How do you analyze the author’s qualifications or the trustworthiness of the site?
A recent study from the Stanford History Education Group tested the online evaluation skills of professional fact checkers vs PhD Historians vs undergraduate students.
The bottom line:
The truth is more likely to be found in the network of links to (and commentaries about) the site than in the site itself. Lateral readers gain a better understanding as to whether to trust the facts and analysis presented to them.
"The fact checkers [using lateral reading] proved to be fastest and most accurate, while historians and students were easily deceived by unreliable sources."
Caulfield, Mike. Web Literacy for Student Fact-Checkers. self-published, 2017. Digital file.https://webliteracy.pressbooks.com/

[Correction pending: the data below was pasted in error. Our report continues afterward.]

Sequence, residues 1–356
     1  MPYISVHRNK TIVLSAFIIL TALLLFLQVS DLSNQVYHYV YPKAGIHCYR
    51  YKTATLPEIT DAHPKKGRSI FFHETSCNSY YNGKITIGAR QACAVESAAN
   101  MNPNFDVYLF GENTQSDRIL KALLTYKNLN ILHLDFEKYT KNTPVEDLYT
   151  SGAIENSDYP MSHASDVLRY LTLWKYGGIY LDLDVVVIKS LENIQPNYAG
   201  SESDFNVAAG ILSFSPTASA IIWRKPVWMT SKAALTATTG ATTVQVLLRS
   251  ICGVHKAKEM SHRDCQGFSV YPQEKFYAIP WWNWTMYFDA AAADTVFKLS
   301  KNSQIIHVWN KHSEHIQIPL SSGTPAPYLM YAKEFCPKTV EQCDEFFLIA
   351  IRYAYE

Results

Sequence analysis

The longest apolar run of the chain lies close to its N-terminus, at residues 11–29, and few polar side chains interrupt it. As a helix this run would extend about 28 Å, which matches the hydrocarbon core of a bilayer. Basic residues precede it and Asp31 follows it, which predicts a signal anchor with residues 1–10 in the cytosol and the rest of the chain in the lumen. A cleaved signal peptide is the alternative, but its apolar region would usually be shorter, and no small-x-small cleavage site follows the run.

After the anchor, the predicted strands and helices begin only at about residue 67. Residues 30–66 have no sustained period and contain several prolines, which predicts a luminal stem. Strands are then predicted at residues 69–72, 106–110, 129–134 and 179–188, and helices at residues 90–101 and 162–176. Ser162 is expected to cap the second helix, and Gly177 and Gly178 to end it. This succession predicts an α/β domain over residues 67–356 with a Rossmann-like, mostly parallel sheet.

Spector, Carrie. "Stanford scholars observe 'experts' to see how they evaluate the credibility of information online." Stanford University, 24 Oct. 2017, ed.stanford.edu/news/ stanford-scholars-observe-experts-see-how-they-evaluate-credibility-information-online. Accessed 1 Mar. 2018.
Wineburg, Sam, and Sarah McGrew. "Lateral reading: Reading less and learning more when evaluating digital information." (2017). Stanford History Education Group Working Paper No. 2017-A1. Available at SSRN: https://ssrn.com/abstract=3048994